In the list of alleged lawlessness presented by the Times the one issue where a case of criminality could be solidly made is glaringly omitted. On April 7, Trump ordered the bombardment of Syria with over 50 cruise missiles. The attack was an act of aggression against a sovereign country. Trump’s claim of “retaliating” for an alleged chemical weapons massacre by the Syrian army of President Bashar al Assad are besides the point. The US has no legal mandate for any military action in Syria. And at any rate, no verifiable evidence has ever been presented to support the allegation of chemical weapons use.

As Russia pointed out the cruise missile barrage ordered by Trump was an illegal act of aggression. Trump should be prosecuted for war crimes on that instance alone. Moreover, the ongoing US air strikes on Syria, which have resulted in dozens of civilian deaths, are further grounds for Trump to be prosecuted for crimes against peace.

Other international issues where Trump stands accused of gross criminality is his support of Saudi aggression in Yemen and towards Iran. His reckless saber-rattling against North Korea is another prosecutable case of this president engaging in warmongering.

But none of this provable lawlessness in international relations warrants a mention in the New York Times’ condemnation of Trump. The so-called “newspaper of record” confines itself to delving into Trump’s alleged abuses of power in the realm of domestic politics, much of which seems exaggerated in order to serve the Times’ own dubious agenda of discrediting Trump.

This oversight of Trump’s provable international violations is hardly surprising (albeit unacceptable). For on that score, he is simply carrying on the ignoble tradition of all American presidents who have used aggression and war as an instrument of power against other nations.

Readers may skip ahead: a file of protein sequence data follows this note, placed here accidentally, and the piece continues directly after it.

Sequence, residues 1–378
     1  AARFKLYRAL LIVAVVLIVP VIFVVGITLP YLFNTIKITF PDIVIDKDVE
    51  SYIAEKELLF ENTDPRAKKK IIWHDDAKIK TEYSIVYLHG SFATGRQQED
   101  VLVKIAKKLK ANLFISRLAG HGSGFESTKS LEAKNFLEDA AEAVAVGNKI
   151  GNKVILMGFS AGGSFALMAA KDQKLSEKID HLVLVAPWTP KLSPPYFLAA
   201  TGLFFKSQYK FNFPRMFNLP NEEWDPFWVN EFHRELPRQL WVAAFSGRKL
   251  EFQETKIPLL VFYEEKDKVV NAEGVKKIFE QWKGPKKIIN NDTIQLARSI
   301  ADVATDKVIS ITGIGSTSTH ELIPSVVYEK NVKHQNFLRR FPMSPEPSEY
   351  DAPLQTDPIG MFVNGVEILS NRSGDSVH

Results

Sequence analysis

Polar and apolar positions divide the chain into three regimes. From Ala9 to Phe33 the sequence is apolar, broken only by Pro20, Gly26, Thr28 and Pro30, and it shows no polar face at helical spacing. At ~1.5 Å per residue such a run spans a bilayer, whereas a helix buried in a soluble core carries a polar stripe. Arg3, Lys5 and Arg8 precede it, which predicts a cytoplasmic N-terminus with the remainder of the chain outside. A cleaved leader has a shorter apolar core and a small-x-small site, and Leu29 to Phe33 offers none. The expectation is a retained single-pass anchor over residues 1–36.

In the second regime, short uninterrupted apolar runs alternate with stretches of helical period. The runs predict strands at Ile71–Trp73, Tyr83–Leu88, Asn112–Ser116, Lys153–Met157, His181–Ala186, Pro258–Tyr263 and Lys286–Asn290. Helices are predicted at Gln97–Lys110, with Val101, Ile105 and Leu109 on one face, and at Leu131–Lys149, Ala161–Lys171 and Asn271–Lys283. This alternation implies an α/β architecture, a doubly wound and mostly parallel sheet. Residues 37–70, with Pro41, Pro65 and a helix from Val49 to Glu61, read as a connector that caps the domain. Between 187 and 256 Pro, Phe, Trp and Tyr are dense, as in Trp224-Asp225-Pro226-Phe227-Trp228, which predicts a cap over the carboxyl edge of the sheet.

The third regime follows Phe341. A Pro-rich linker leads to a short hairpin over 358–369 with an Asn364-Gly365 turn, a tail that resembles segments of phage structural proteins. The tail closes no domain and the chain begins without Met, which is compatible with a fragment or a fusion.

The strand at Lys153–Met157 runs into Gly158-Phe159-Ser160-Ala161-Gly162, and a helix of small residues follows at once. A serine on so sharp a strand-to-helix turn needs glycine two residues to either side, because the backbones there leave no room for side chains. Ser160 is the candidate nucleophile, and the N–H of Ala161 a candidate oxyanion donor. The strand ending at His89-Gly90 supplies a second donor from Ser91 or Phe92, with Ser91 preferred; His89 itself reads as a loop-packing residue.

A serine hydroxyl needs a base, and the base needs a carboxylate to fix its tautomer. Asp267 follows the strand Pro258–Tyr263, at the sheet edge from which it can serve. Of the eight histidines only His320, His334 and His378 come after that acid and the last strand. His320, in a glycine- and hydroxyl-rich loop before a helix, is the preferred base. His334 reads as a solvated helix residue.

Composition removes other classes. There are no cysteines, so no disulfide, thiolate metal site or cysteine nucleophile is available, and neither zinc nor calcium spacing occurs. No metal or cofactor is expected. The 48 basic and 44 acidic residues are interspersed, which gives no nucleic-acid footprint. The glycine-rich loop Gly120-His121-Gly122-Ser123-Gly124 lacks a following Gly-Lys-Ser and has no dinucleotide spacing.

His predecessors Obama, Bush Junior, Clinton, Bush Senior, Reagan and all the way back to Eisenhower and Truman have abused military power, invasion, subversion, proxy wars and assassination as a prerogative for American subjugation of other nations. Even Jimmy Carter and John F Kennedy, considered to be two of the more enlightened presidents, oversaw criminal programs to pursue regime change in Cuba and other Latin American states.

Not a single American president over the past seven decades since the Second World War can be counted as innocent when it comes to gross violation of international law in the pursuit of US power. All told, it is estimated that American state-sponsored criminality under the orders of any given president has been responsible for over 20 million deaths from wars and aggressions in myriad forms against dozens of nations.

Donald J Trump is just the latest name in this sordid pantheon of lawless American leaders.

For the New York Times to single out Trump as somehow uniquely lawless is testimony to how much in denial the US media are about the truly rogue, criminal nature of their government.

Trump a lawless president? Yes, sure he is. Just like all the rest of them.


Finian Cunningham, is a columnist at the Strategic Culture Foundation and a Writer on Dandelion Salad. He can be reached at cunninghamfinian@gmail.com.

from the archives:

Eleven Blasphemous Thoughts for the Current Russo-phobic Season by Paul Street

Obama: A Hollow Man Filled With Ruling Class Ideas by Paul Street + Rising Star: The Making of Barack Obama and the Limitations of Liberal Criticism

Mosul’s “Liberation”: Another Fallujah, Dresden or Hiroshima? by Felicity Arbuthnot

Russia Calls House Bill an “Act of War.” Will the Senate Block H.R. 1644? by Gar Smith

John Pilger: Trump Fired Those Missiles In Order To Save His Political Skin

Instances of the United States overthrowing, or attempting to overthrow, a foreign government since the Second World War by William Blum

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3 thoughts on “Trump’s Lawless Presidency? Just Like All the Rest of Them by Finian Cunningham